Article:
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Filed under: Historic Places & Landmarks, Kid-Friendly Trips, State & National Parks

A Night at the Prince of Wales Hotel

July 18, 2010 by · 4 Comments 

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On one of our recent camping trips to Glacier National Park, Montana, we made the journey over to its sister park in Canada, Waterton Peace Park. Together they are known as the Waterton-Glacier International Peace Park.  As we travel to as many of our national and international parks as our time and funds allow, one of the things we like to do is investigate all of the National Park lodges and hotels that we can fit into our schedule.

The Prince of Wales Hotel

The Prince of Wales Hotel

While in most cases, this will involve simply a walking tour of the structure, there are a few in which we have chosen to spend an evening, in spite of the fact that we are fully equipped with camping gear.  While the cost would be prohibitive for us and for many families to spend a week in such a locale, one night is a luxury to which we have treated ourselves several times. The kids have loved this! The Prince of Wales Hotel, in the Waterton half of the Waterton-Glacier International Peace Park is one such hotel in which we have spent a night.

The view from our room

The view from our room

One of the most photographed hotels in the world, this stately hotel is located high on a bluff overlooking Waterton Lake and the town of Waterton. Upon viewing the hotel online, we  felt the need to arrange a stay in this famously beautiful hotel.

Built in 1927 by the Great Northern Railway, The Prince of Wales Hotel has striking architectural features, including the soaring roofs, gables and balconies that set this hotel apart from the typical hotel or national park lodging and give the Prince of Wales Hotel a romantic alpine chalet feel.

Back view of the hotel

The back view of the hotel

It is especially unique in terms of national park lodges, many of which tend to exude a more rustic appearance. Rather than looking like a great camp lodge, the Prince of Wales looks more like an English castle. This thrilled our daughter, Meghan, who was 13 the year we stayed there. We requested a room with a mountain view and the photos we took from our tiny balcony were spectacular! Barely large enough to sit on, the balcony provided a bit of fresh air and scenic vistas for us to enjoy. Located up on the top floor as we were, we could look down on nearby Waterton Lake and the mountains beyond.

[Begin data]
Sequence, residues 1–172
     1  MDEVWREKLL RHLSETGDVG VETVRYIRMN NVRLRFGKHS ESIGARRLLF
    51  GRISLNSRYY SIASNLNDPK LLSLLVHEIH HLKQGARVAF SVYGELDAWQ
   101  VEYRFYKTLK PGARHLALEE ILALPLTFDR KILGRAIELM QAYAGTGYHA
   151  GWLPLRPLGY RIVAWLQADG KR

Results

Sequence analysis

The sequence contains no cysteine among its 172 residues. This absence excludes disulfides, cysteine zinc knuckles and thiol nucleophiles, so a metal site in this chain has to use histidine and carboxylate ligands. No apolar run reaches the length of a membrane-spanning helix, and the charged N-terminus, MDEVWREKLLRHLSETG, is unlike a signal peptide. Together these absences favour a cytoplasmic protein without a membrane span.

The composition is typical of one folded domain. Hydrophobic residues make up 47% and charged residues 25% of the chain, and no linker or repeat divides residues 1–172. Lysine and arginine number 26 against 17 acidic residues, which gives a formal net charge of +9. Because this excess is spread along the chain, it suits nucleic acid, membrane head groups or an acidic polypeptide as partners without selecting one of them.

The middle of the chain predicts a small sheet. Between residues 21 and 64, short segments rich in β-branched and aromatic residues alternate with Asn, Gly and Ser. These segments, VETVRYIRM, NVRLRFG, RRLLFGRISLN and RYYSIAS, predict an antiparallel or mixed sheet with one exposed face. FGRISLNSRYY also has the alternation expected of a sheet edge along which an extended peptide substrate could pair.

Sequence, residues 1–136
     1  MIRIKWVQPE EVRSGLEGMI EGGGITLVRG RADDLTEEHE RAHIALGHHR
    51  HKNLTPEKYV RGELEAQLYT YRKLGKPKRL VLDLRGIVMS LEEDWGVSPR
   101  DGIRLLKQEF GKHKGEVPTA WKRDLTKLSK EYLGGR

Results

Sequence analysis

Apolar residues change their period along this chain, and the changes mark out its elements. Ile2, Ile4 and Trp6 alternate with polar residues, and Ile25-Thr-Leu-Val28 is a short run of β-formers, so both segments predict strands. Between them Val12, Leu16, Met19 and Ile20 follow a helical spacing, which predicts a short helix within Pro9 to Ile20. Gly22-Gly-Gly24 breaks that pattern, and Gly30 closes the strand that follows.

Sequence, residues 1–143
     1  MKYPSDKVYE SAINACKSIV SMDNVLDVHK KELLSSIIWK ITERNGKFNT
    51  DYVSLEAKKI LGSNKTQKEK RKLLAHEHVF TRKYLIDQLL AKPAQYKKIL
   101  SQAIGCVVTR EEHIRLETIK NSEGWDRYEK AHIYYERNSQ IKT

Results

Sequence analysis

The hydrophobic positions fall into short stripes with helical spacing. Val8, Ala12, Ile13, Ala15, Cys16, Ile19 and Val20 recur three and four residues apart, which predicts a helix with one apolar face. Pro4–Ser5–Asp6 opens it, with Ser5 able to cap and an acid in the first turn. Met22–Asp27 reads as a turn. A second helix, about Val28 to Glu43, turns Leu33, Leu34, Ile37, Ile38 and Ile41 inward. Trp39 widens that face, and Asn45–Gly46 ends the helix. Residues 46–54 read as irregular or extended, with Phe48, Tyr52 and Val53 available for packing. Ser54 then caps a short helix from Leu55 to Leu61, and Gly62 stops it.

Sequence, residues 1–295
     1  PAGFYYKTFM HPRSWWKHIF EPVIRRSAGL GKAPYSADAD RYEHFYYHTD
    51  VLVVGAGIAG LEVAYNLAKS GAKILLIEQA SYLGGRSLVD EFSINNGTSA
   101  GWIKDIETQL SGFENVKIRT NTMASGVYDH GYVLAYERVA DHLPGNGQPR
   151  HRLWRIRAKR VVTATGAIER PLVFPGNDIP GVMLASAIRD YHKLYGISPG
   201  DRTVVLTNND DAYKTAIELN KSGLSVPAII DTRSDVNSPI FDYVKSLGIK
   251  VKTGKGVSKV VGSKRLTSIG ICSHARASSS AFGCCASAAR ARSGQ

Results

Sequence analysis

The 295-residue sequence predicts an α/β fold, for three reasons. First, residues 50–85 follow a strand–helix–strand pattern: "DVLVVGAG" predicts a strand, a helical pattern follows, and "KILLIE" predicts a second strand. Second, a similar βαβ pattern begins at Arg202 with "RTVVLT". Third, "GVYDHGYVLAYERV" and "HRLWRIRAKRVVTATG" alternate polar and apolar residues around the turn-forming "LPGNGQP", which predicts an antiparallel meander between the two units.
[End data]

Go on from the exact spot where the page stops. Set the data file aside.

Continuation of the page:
A moose in the parking lot

A moose in the parking lot

While we did not partake of the high tea presented at the hotel in Valerie’s Tea Room each day promptly at from 2:00 pm to 5:00 pm, we were able to walk down into the town of Waterton and had a delicious dinner of Rocky Mountain Rainbow Trout at an outdoor patio table at a local dining establishment. It was a wonderful way to get to know this quaint town and get a real feel for the area.

The view from our roomLater, we headed back to the hotel and, after we had gotten the kids settled in for the night, Terry and I headed down to the Windsor Lounge for a quiet drink in a luxurious atmosphere. This is something we rarely experience, especially on a family camping trip. The following morning, before heading back to our tent and campground, we treated ourselves to a delectable breakfast in the hotel’s Royal Stewart Dining Room. It was truly a memorable part of our visit and one even the children are eager to repeat.

For more information about camping and other things to do in Alberta, Canada, check out Alberta camping.

Comments

4 Responses to “A Night at the Prince of Wales Hotel”
  1. Christopher Cronk says:

    Hi There,

    Great story about a great hotel….Been there many times and it is truly a wonder to see…The only other wooden structure like it is the hotel at Yellowstone…..However, I would like to take exception to the picture tag-line depicting that the animal in the parking lot being a moose…..After a closer examination, albeit, from the behind, I am quite sure that it is not a moose…..Looking at the antlers and the black tuft at the end of the tail, it appears to be a mule deer which are quite bountiful in the area….

    Regards,

    Chris

  2. Jennifer Batte says:

    Hi Chris, how can you tell? Its so small. Besides… you crack me up. What, are you a relative of the deer and you were insulted? :-)

  3. Christopher Cronk says:

    Hi Jennifer,

    I would hardly be called a relative since I have shot a number of same…….I was simple pointing out that identification of such animals should be as accurate as possible….The ministry takes a very dim view if one has a deer licence and shoots a moose…..Also, it does a disservice to all of the readers to have items and animals misidentified….I am delighted that I “Crack You Up” though that was not the aim of my missive…..Thank you for your reply and concern……It has been a pleasure to edify you and other readers as to the identification of the local fauna of southwestern Alberta…….BTW: I photo-shopped Diane’s picture and blew it up sufficiently to get a better view of the “Critter”……

    Regards,

    Chris

  4. Sofina Clara says:

    Nice post! Prince Wales hotel is a wonderful place to stay there.Thanks for sharing this post.

    Thanks,
    http://www.waterton.ca/where-to-stay.cfm

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